It seems odd to me, though not necessarily a bad thing, that we hear so much about faith everywhere nowadays. Everyone wants to talk about their spiritual journeys, their prayer lives and the diets they’ve developed from these transformed lives. Good people (religious leaders like the Dalai Lama, the Pope and Kirstie Allie) and even very bad people (terrorists, Karl Rove) want to talk about their beliefs.
No politician can keep their faiths to themselves, it seems, for to do so is to alienate an apparently vast voting bloc of believers that no one worried about before the 1990s. In fact, when Jimmy Carter spoke openly of his devout faith while running for president in the 70s, most everyone looked askance. It was if we were embarrassed to have found ourselves privy to his private business. Ronald Reagan pioneered the exploitation of the so-called “religious right,” and did so successfully without ever actually defining his own religious life. No public “going-to-church” shows for Ron and Nancy on a Sunday morning; if they even went to church, it wasn’t ever a photo-op.
Religion and politics hasn’t really become more comfortable, it’s just become more unavoidable. Among our most recent political figures, the most at ease and articulate about his faith has been Bill Clinton, who could quote scripture like the Baptist bible-camper he probably was as a youth. And, we know how actually pious he turned out. Hilary Clinton, on the other hand, when a candidate in 2008, was never that comfortable.
Like Al Gore and John Kerry before her, she was earnest and oft-spoken about church, but never well-spoken, or, unfortunately, convincing. Lots of “ums,” and ‘ers,” and “of course, my faith informs…” Kerry, famously, was both a devout and seriously dedicated Roman Catholic, which he wanted values voters to know; but he was also insistent that he would not be influenced by the church, which would matter to secular democrats. As in everything, while trying to be all things to all people, he managed to be very little to very few.
Not that the apparently very religious George W. Bush was any more convincing or articulate (“I’m sorry, your favorite philosopher is…Jesus?”). He was just unrelenting. Regardless of the fact that religious-conscious voters overwhelmingly supported Bush, it wasn’t his rhetoric that swayed them, it was a platform designed to appeal to those voters.
In the last campaign, John McCain was of the “um, er, sure, God is great,” school, while Barack Obama managed a convincing faith…which still blew up in his face. John Edwards was convincing as well, but…well, we know how that worked out.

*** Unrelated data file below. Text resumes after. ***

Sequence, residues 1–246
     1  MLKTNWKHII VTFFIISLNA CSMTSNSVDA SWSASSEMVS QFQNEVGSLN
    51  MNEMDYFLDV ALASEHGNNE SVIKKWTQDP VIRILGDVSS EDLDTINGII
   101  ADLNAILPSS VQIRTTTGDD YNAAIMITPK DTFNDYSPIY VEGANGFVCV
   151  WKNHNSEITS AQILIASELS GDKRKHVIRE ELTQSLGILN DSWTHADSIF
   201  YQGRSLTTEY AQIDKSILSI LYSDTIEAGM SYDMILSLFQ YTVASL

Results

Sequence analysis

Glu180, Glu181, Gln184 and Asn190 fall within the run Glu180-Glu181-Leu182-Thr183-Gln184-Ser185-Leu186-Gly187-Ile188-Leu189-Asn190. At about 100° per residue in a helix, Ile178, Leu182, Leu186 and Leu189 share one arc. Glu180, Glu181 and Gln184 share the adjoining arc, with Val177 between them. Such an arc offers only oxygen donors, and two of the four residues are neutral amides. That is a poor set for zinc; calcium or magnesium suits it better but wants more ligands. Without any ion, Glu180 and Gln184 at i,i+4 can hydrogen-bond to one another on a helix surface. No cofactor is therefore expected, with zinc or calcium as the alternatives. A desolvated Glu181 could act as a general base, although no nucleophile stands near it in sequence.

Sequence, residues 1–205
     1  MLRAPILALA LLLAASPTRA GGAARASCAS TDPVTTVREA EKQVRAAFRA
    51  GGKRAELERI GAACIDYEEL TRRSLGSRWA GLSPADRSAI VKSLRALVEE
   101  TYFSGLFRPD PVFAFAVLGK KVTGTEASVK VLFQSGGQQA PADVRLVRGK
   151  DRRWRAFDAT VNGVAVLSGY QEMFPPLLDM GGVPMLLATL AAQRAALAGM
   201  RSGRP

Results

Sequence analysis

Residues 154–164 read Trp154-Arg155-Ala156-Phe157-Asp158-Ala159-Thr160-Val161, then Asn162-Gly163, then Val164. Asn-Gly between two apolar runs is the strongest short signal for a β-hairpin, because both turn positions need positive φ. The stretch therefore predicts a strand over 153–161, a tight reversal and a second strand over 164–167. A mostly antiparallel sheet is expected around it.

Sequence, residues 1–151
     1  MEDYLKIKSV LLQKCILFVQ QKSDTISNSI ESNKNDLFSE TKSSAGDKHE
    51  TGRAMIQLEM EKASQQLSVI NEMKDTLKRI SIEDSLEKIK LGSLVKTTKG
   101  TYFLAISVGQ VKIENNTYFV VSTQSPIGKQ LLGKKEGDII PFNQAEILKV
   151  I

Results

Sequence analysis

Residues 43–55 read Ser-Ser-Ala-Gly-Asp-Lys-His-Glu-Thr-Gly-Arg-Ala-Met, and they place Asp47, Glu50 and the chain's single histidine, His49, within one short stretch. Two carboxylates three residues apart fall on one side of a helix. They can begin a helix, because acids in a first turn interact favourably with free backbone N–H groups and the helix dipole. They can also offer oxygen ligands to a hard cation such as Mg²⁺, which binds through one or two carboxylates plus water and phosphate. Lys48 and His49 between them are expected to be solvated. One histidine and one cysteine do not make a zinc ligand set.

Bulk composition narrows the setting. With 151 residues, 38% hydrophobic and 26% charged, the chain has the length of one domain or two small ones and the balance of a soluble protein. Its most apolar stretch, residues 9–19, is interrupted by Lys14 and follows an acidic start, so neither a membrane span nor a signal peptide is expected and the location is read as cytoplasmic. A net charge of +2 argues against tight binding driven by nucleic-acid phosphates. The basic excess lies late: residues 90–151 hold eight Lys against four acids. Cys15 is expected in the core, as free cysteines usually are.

Faith, if not religion, is on everyone’s mind. Oprah is quietly and effectively building a public faith through her vast media empire that may soon eclipse all other religious groups in influence. Oprahism seems to be a populist mix of Christianity, positive thinking and new-age feel good–a sort of wish-based esotericism that appeals exactly for the lack of actual effort required of the believer (“Send it out to the universe…”).
And what was once and not long ago uncomfortable, is now everywhere. Tom Cruise, John Travolta and others are intensely devoted to a religion discovered by a pulp science-fiction writer. Madonna and Roseanne have championed the eons-old Jewish mystical practice of the Kabbala, Larry King communes with the Dalai Lama and new-age rabbis, and every sports team now prays publically before broadcast sporting events. And, if both teams pray, does it mean that the winner prayed better?
You’d think that bona-fide religious types would be comfortable enough with their faith to speak of it without appeal to the modern ear, but mega-popular mega-church pastor Joel Osteen preaches to millions a message of happy-talk, prosperous Christianity without going out of his way to talk too much about Jesus.
I guess my point, if I have one, is that more talk about faith doesn’t automatically equate with more actual faith; in fact, public talk about faith may exist in direct inverse proportion to the true depth of faith of the population. Something like 98% of surveyed Americans believe in angels, around 86% of them assert a belief in prayer, and about 8% of those go to church (unless they’re running for office). Does that mean anything? Ask the Kabbala, I don’t know.
If I were trying to make sense of any of this, I wouldn’t have a prayer.